What clichés in advertising do you wish people would start resisting?
Designers not having a seat at the table when strategy is being discussed. We’re often seen as pixel pushers, and not as strategy: “If you have a MBA or a business degree then you can create the strategy, but if you’re a designer you can’t.” Instead of defining the problem and coming up with the solution together, we’re asked to “make it pretty.”
If we’re part of the initial conversation, then we can ask much more pointed questions to figure out what’s worked in the past, what hasn’t worked, and what are the [desired] outcomes. Sometimes you get better solutions that way, because you have people who aren’t familiar with the problem [and] aren’t thinking the same way about the problem, and you get that diversity in the room. When designers are included at the beginning, you have different conversations and different and better products.
How do you feel Eighty2Degrees specifically resists the expected?
My husband Mike Englert and I started Eighty2Degress to create a lifestyle for ourselves. He would say, “not having someone else dictate the life that we want to create.” For us, resisting the expected is staying true to our personal values, and building a studio around them so that there is no disconnect between our work life and our personal life. It might be a lot more work in some ways, but it’s a lot more rewarding because we’re doing the work that we believe in.
What do you feel is unexpected about DC creative?
A lot of people think of DC as a community of lawyers and lobbyists and government workers only. I probably felt the same way [at] first, but there is actually a very vibrant creative community. I serve on the board for AIGA DC: [Since I work] with creatives on the board [and see how our] programming brings creatives together, I think there’s a lot to celebrate.
DC obviously has a lot of government work, but it goes back to my point [that] government work doesn’t have to be ugly. When you think about who the government is serving — the citizens, the people — [it’s really important that] designers are involved in moving the needle and creating better user experiences and better information.
Why do you feel advertising competitions are important?
It’s good to have these competitions where you celebrate the talent. For me personally, it isn’t as important as focusing on the work. For the ADDYs, I said to my team, “If you guys really think this is important, let’s do it.”
I’m glad we did. It was just crazy. [Last year,] we had already found out that we won Best Out of Home, but to actually win the category [we suddenly felt,] “Wait a second, did they say that right? It is us again?” We were completely the underdog there, and really excited to have been at the ADDYs to accept it.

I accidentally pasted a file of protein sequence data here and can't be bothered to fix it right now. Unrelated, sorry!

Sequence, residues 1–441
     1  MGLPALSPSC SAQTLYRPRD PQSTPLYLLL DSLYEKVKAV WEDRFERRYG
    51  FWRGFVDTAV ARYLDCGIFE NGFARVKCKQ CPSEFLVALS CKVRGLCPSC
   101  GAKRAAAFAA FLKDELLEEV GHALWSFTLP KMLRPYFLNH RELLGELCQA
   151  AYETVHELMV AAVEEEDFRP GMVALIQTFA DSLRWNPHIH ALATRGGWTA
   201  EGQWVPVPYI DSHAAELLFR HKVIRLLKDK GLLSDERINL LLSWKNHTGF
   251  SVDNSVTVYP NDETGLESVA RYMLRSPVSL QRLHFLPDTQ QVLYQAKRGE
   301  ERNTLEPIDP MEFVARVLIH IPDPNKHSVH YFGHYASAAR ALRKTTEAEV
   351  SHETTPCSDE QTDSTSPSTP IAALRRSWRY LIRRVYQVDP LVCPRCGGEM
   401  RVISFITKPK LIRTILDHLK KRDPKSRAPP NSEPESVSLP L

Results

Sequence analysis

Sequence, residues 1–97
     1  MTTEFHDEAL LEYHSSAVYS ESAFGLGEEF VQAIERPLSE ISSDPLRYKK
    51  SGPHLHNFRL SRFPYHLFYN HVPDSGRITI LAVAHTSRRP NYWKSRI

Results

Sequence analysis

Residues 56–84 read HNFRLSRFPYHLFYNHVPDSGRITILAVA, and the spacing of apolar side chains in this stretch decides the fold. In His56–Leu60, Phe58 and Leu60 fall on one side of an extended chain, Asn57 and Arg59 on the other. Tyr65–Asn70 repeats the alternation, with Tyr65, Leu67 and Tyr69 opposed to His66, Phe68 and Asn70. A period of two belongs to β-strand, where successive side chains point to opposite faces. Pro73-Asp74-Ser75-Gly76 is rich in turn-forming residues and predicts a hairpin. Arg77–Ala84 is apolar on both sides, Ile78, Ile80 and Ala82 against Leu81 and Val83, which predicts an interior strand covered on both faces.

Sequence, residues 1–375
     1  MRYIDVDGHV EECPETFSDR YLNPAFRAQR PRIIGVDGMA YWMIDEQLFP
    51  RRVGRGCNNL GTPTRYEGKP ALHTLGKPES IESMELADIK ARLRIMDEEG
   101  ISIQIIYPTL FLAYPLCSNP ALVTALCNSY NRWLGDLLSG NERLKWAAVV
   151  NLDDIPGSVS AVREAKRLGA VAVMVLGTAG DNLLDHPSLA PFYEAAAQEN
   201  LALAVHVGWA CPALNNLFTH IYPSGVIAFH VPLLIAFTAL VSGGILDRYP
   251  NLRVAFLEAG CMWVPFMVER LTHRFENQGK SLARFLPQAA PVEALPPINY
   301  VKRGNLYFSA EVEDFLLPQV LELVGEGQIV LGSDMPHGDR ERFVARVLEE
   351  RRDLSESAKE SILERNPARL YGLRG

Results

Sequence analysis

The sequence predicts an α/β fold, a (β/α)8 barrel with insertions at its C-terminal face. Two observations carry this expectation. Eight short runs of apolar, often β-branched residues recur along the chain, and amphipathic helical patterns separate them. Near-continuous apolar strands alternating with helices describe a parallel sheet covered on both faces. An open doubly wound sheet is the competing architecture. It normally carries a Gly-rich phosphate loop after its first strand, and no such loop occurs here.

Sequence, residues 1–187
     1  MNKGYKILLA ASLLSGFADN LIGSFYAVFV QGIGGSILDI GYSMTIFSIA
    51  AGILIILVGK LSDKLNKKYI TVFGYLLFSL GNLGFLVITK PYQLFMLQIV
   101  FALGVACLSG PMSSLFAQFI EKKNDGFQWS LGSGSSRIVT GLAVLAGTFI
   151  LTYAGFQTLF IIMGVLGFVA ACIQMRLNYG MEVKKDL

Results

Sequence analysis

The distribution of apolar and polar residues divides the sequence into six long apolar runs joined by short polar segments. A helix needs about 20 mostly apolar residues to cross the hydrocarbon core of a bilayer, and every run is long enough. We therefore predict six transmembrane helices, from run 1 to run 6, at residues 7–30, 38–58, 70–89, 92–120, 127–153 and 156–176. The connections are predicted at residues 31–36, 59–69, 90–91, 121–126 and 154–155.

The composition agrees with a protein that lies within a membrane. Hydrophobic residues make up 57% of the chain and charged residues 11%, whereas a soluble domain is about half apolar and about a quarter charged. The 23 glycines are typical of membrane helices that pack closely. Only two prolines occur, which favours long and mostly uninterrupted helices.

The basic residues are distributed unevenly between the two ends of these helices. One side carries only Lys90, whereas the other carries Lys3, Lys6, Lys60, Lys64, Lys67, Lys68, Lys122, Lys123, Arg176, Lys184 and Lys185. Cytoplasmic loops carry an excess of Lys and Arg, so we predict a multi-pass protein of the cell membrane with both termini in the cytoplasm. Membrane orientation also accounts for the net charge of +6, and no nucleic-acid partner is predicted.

Talking about Eighty2Degrees resisting the expected, we actually invited our entire team to come down to the stage. For a second it felt a little odd, like, “Here’s the new kid on the block. Doesn’t know what the norm is,” but the norm didn’t feel true to our culture so we took our entire team down.
What is the best reason to attend the ADDYs?
There are a few great reasons:
- To celebrate the work and creativity produced in our community.
- To meet with talented people.
- To make new friends while reconnecting with old ones.
What is unexpected about you?
I had really short purple hair once. [I grew up] in India, [where] long black hair is what is considered beautiful. When I moved to this country, [I felt], “I don’t have to do that.” I cut it all off and I dyed it, highlighted it purple. The next time I went home everyone said, “Oh my god, what happened? We have lost our daughter.” It was a fun thing to do, just to push the boundaries.
I have tried to push the boundaries in terms of what is expected. Nobody thought I was going to move to DC and open a design studio, so that was unexpected.
I get bored. I don’t want to be doing the same thing for the rest of my life. It sounds very secure, but there’s no fun in it. I like to keep things moving a little bit so I feel continually challenged, because otherwise I feel like I’m just going to stagnate and die.
Come see all of the work that resisted the expected this year by attending the 2018 ADDY Awards on March 29th at Gypsy Sally’s.
Meghan Kotlanger, the friendliest of interrogators, is a producer/director at Eastward, a content studio in DC and LA. Eastward is a collective of creatives, driven by curiosity and conviction, that bring a range of experiences and disciplines together under one filmmaking roof.
Matthew Rakola, is a photographer with 16 years of experience working with a wide range of commercial, editorial, and educational clients. He specializes in making “real people” shine in front of the lens, usually by poking fun at himself.